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Highlights from ASDWA’s Member Meeting on March 25-27

ASDWA held a successful Member Meeting on March 25-27 in Old Town Alexandria, with over 150 people in attendance including 61 staff from 42 states. The Meeting kicked off on Monday, March 25th with presentations by ASDWA’s President, Mark Mayer from South Dakota, on states’ priorities, followed by EPA presentations that detailed some of the Agency’s implementation activities on the drinking water mandates in America’s Water Infrastructure Act. A lively discussion followed on what might happen in the new Congress (how does anybody make a good guess?). The afternoon’s presentations and discussions started with lessons learned in getting the lead out and corrosion control in Flint, Detroit, and other cities in the U.S. and Canada. The lead discussions were followed by presentations and discussions on how states are working through the challenges of emerging contaminants and how state environmental associations can partner to make some progress on these challenges. Monday ended with updates on ASDWA’s current efforts to make progress on Legionella, a significant challenge in building plumbing.

Tuesday, March 26th was the State-EPA Roundtable, and started with an Early Bird session on working towards EPA’s new Strategic Breakthrough Measure of reducing non-compliance by 25% by 2022 – another significant challenge. The Early Bird was followed by presentations and discussions by the Directors from the Office of Ground Water and Drinking Water (OGWDW) and the Office of Enforcement and Compliance Assistance (OECA). States then talked about their challenges in developing complete distribution systems inventories – the starting point for replacing all the lead services lines in a community. EPA presented its latest plan for development and implementation of SDWIS Prime, which is a significant collaborative effort between EPA, states, and ASDWA staff. A working lunch focused on the new states’ resource needs report – trying to get a realistic estimate of the funding gaps across the country between current funding and what’s really needed to run a robust state drinking water program. The afternoon concluded with presentations and discussions on emerging contaminants, workforce and partnerships and water reuse. EPA is facilitating the development of a Water Reuse Action Plan in collaboration with other federal agencies, states, tribes, and water sector stakeholders.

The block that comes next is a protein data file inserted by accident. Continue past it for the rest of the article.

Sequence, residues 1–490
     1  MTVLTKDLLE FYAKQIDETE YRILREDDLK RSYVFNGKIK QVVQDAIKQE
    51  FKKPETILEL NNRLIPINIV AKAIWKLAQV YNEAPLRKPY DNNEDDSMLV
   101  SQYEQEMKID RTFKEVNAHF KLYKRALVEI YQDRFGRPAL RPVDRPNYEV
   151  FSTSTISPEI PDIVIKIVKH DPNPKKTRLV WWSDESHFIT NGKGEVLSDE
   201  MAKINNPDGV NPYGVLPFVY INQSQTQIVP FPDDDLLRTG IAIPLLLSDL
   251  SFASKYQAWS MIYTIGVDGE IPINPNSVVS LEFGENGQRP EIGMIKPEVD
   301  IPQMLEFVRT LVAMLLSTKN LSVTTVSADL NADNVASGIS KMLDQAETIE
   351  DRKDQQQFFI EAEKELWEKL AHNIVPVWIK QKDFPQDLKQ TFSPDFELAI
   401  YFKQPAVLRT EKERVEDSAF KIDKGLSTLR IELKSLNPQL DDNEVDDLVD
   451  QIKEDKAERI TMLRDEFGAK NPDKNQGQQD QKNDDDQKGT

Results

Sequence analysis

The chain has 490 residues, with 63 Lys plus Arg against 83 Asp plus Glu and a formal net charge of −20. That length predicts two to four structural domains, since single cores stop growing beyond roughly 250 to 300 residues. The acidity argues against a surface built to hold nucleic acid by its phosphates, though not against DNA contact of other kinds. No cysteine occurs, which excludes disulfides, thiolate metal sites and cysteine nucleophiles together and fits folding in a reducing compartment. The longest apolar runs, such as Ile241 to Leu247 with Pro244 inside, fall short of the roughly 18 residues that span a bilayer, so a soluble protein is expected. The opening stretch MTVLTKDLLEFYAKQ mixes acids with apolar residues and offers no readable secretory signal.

Wednesday, March 27th was the States-Only Roundtable and the use of polling software was successfully used by all in attendance to develop a list of 2019 priorities. These priority issues fed into the ASDWA Board’s discussions the afternoon of March 27th and the morning of March 28th.